Although originally I wanted to make a centrepiece that worked either as a marble run or a game, I’ve ended up making purely sculptural shapes. Such an interactive object would require planning and designing but I’ve been more interested in exploring the properties of clay and responding intuitively to the material, essentially making it up as I go along. As a result I’ve been continuing to develop the technique I used on the oil lamp project, throwing forms then cutting them up to handbuild with. The resulting forms have a tension and springiness when held that wouldn’t be possible to achieve with slabs. It’s as if they hold a trace of the energy and movement involved when throwing.
I’ve also been experimenting with throwing shapes that show signs of the material’s agency, which I explored in my recent constellation essay – vessels with ridges and throwing lines visible. I’m interested in showing the movement of the clay on the wheel and pushing the clay to the point it’s nearly collapsing to achieve a balance between what I want and what the clay wants. According to the Japanese philosophy I’ve been reading, balance is the way to achieve true beauty!
I find the throwing lines in the above ‘Wouter Dam’ inspired form aesthetically pleasing but they stop and start instead of flowing seamlessly through the sculpture. I want to find a way of letting the flow of clay on the wheel speak and uniting these sections together into an individual sculpture that flows as one. I visualise it as one giant jigsaw puzzle.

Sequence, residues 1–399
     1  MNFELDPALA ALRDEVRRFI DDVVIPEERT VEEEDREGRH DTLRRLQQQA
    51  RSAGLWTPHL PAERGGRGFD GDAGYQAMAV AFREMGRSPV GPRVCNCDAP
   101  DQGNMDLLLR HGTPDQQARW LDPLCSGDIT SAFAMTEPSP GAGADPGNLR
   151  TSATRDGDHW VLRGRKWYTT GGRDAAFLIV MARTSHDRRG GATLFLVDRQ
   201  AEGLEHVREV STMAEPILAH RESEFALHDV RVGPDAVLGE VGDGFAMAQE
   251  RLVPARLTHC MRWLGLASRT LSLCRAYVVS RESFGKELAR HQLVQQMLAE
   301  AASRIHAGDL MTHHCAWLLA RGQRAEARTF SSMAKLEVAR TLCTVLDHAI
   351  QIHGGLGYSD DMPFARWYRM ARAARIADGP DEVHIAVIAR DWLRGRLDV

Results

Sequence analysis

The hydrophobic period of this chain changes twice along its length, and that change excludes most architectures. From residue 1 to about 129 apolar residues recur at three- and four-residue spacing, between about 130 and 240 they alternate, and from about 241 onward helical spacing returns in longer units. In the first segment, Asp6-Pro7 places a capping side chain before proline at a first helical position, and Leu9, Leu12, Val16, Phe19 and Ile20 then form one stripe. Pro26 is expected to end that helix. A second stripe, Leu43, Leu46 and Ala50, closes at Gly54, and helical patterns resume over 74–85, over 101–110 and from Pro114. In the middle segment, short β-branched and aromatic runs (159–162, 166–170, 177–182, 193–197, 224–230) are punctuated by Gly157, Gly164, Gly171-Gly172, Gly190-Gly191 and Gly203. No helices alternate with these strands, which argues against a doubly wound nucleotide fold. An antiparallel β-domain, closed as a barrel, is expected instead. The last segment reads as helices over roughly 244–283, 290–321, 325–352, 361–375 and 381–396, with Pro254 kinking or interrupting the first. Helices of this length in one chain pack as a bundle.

I used ‘Brighton rock’ coloured household paint from Wickes to colour this test piece, in order to see quickly how it would look with a uniform, flat bright colour. The collection of paint pot samples in the store got me very excited, as did the whimsical names the colours had – I’ve often wondered how people come up with such seemingly random names as ‘dusted fondant’, ‘nordic spa’, ‘desert wind’, ‘wellbeing’ and ‘sweet dreams’. I’ve always been interested in the relationship between colour and words and it’s something I’m interested to explore in future work.
Funny paint names from paintsewgluechew.com
This second week field project was an introduction to colour theory and the screen-printing process, and for myself an induction into the printmaking workshop.
We started with a colour mixing task. Each person in our group of six was given one of six primary colours in acrylic paint – phthalo blue or ultramarine, cadmium yellow or lemon yellow, cadmium red or magenta then we mixed the exact complimentary of this colour. So for lemon yellow which is towards the bluer end of the spectrum we would make a purple that was more red/pink. Next we mixed the complimentary colours together to get a third shade, and to get a black mixed all three primary colours into one.
Before beginning the screens needed to be cleaned with a water jet set on high and the aid of a cleaning agent. These were then left to dry by the radiator in the darkroom. Once dry a thin layer of emulsion was scraped up to form a rectangle in the centre of the screen using a trough and was left to dry for 45 minutes.
During this waiting time we cut shapes and patterns from black sheets of paper ready to expose the emulsion in the vacuum screen printing press. The cut out shapes were arranged on top of the glass box and the emulsion covered screen was put face-down on top, with a small tube placed inside to aid the vacuum. The screen is exposed to light for 2 minutes during which time the UV light burns away any unwanted emulsion to leave the stencilled shapes. Afterwards we used masking tape to tape around the edges of the screens, leaving a rectangle the size of the paper we were to print on in the middle.